When someone looks into the history of crime in the United States they see things like Presidential assassinations, bombings, the Mob, and the notorious bank robbers, Bonnie and Clyde. If you ask a person about Bonnie and Clyde and what they thought about the couple most would mention the words "criminals" and "lovers". For the most part they are correct, but what most people don't know, and what the movie Bonnie and Clyde (1967) does a good job of showing, is the background of the infamous couple. In Bonnie and Clyde (1967), director Arthur Penn shows a deeper background of the characters and how they changed throughout the movie.
One obvious change in characteristics would be Bonnie Parker and how she went to a household name in a matter of months. Roger Ebert states, "Bonnie was a gum-chewing waitress and Clyde was a two-bit hood out on parole" (Ebert) At the beginning ...view middle of the document...
A lot of this change in Bonnie is a result from meeting her better half, Clyde Barrow. Clyde's criminal ways slowly started to leak into Bonnies lifestyle.
Blanche, Clyde’s sister-in-law, changes for the sake of her husband. When we first meet her she is very shy and oblivious to everything about crime. She was a known Christian and preacher's daughter who even convinced her husband, Buck Barrow, to turn himself into prison after escaping. At first Buck didn't want Blanche to get involved in all of the crimes they were committing, but that was really delaying the inevitable. She loved Buck and that never changed, but what did was her attitude. For example, she did not care for Bonnie, but she learned to deal with her. She also became more independent towards the end of the movie by doing things like going to the store without Buck and not having to have by her side at all times. Blanche slowly began to smoke cigarettes, learned how to shoot a gun, and changed the way she dressed to a tomboy style. She did all of these things in order to live the life of a runaway convict. Of course she wouldn’t have been doing this if it weren’t for the love she had toward her husband. She always kept her Christian values though they did seem faded at times.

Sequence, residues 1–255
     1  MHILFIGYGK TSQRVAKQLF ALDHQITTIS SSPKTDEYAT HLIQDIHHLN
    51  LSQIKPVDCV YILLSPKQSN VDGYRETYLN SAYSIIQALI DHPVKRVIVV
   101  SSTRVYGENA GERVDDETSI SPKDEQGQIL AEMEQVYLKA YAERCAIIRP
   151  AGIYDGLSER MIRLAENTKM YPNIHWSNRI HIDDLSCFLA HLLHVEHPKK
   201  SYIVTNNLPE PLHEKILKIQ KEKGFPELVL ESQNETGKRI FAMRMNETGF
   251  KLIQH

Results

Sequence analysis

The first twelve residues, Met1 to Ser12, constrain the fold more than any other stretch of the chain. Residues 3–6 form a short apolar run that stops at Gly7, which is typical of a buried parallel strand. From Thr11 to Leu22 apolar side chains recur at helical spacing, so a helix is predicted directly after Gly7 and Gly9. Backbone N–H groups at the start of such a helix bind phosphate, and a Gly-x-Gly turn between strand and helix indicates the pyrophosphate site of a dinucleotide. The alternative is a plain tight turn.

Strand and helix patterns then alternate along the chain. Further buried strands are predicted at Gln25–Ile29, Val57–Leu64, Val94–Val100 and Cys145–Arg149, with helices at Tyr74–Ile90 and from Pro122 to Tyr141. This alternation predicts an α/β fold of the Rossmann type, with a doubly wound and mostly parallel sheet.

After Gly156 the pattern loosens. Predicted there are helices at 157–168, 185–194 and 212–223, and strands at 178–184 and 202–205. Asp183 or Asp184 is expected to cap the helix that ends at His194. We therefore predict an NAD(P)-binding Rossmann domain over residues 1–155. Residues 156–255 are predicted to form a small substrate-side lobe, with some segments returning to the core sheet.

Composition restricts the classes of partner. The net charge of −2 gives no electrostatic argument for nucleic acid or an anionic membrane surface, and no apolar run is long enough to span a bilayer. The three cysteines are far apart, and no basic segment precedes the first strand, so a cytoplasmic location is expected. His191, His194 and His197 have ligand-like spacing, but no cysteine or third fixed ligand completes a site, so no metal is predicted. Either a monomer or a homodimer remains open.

Change is something you see in every character in Bonnie and Clyde but is most seen in Bonnie and Blanche. Bonnie transformed from a small-town waitress to a criminal on the run. Blanche lived a Christian life until she wanted to please her husband by living the same way as Bonnie, as a criminal on the run. Though the influences that caused these changes were criminals they still seemed to show some good choices in the end. Neither Bonnie nor Blanche really had a choice of what they were going to do because the men they were in love with were destine for jail.
Bonnie and Clyde. Dir. Arthur Penn. Perf. Faye Dunaway, Warren Beatty, and Gene Hackman. DVD. Warner Brothers, 1967.
Ebert, Roger. "Bonnie and Clyde." Roger Ebert. 25 September, 1967. 8 April, 2013. <http://rogerebert.suntimes.com/reviews/bonnie-and-clyde-1967>